First of all, I definitely appreciate your response and being more direct. It makes it much easier for me to understand where you coming from.
I think it's true that adolescents can experiment with various kinds of identities, not all of them healthy.
It seems like you are judging homosexuality based on some exaggerated stereotype, which I don't think is terribly different than judging heterosexuality by what's portrayed on "The Jersey Shore" (a reality TV show) or by people involved in the "swinging" lifestyle (heck, they actively recruit!).
Granted, I can't say that people are never forced into homosexuality (my personal experience is limited), but you seem to think it happens often enough to outweigh other concerns. I get a real sense of you finding homosexuality to be actively predatory by nature, and wonder where that is coming from. I sort of wish you could see all the boring, prosaic examples of "gay lifestyles" that I've seen. People living those kind of lives probably aren't the most visible or loudest, but they do exist and I suspect are the majority of the LGBT population.
I think someone confused about their sexuality should be given space to think about it, neither rushed into trying things, nor stomped upon because they might not be heterosexual. Just talking to someone about any "homosexual urges" takes a lot of courage.
I certainly wouldn't brand anyone who stated that an overwhelming majority of people are heterosexual as a bigot. And for a kid being a heterosexual is a reasonable thing to expect (seeing as you'll be right 90+% of the time). Still, that's different from making homosexuality a reason for social condemnation and ostracism, or thinking that such treatment is somehow necessary for the mental health of heterosexuals.
It seems like on the one hand you are saying that your sexuality is fixed and has never been vulnerable (and I believe you, my experience of my own is the same). Yet you seem to feel like other heterosexuals are incredibly vulnerable to the predations of homosexuals and can be easily swayed toward being homosexual.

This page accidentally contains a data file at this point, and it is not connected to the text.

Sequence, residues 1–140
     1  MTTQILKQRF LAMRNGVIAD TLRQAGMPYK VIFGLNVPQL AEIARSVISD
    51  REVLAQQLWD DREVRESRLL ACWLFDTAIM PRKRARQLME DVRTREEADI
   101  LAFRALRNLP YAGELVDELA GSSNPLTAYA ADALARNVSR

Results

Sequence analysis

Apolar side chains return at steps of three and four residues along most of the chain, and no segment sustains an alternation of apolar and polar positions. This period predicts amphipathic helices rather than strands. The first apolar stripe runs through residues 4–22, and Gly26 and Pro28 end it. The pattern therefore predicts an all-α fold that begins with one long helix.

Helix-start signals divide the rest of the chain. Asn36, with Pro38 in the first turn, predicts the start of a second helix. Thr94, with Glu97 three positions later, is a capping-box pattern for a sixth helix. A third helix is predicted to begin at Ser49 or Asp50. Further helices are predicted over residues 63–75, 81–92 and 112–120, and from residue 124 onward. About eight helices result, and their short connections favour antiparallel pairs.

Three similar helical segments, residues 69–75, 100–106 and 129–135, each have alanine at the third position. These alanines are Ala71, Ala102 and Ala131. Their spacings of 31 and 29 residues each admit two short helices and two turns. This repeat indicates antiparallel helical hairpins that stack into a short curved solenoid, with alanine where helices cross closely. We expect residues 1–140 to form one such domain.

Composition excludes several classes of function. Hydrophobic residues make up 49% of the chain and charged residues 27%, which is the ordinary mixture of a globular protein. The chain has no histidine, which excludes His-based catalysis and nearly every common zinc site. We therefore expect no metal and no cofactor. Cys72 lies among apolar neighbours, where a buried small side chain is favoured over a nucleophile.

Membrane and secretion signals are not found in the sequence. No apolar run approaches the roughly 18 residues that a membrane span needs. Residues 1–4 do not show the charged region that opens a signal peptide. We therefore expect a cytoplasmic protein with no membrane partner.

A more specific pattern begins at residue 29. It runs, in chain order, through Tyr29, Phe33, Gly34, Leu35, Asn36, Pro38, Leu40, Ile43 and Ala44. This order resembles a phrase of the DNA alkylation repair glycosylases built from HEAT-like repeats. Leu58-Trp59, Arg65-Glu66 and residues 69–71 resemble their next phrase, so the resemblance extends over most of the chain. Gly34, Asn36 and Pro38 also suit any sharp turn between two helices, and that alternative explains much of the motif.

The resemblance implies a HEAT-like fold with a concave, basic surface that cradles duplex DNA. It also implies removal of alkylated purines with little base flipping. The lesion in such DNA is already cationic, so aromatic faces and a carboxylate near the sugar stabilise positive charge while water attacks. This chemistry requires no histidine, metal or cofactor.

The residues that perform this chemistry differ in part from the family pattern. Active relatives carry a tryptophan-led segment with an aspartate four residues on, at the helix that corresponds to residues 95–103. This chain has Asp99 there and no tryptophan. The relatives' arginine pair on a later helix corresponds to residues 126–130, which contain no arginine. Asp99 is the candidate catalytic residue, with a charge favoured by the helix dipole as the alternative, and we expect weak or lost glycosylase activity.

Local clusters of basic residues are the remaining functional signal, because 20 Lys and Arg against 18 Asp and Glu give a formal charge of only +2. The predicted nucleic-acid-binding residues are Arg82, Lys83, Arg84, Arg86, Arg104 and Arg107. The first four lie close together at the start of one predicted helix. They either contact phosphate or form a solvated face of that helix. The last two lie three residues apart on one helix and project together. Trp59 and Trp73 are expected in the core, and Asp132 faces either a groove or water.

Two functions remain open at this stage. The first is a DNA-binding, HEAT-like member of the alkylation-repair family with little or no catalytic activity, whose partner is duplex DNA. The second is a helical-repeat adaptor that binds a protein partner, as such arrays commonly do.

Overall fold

It seems like you are saying it's better to cause a lot of distress to a minority, rather than some minor uncertainty to a majority.
And "Little Britain" is all about taking stereotypes to ridiculous lengths. I don't think they'd argue that every person is a wheel chair is faking it (do you?), or every woman who assists people from behind a computer is hilariously unhelpful. Plus, since one of the duo is gay himself, I doubt he trying to critique homosexuality in general, just lampooning some ridiculous aspects of a subculture.
Some books do present as fact the results of studies that are dated, were never peer reviewed and/or were flawed in design. Others make claims that homosexuality can always be "cured," and that it is always the result of trauma or other psychological issues. I can see how those kinds of things would make people angry who bear the brunt of that kind of thinking.
Still, I doubt that online posters represent a balanced cross section of any population. If I had to judge the human race by youtube comments, I would have no hope whatsoever for humanity in any respect.
So, my overall sense is that your interactions with gay people personally haven't been particularly positive, and the gay politicians and activists you've heard only confirmed your impressions, plus they hit some area of political irritation as well. None of that helped you get over your initial feeling of unease that is only natural when confronted with something foreign. I'm sorry if that's the case. All I can ask is that you keep an open mind, and allow for the possibility that the examples you've seen aren't necessarily indicative of LGBT people as a whole. Most of us just want to live our lives, settle down with the right person, and not have to sacrifice other aspects of our life to do so. Doesn't seem unreasonable from my end.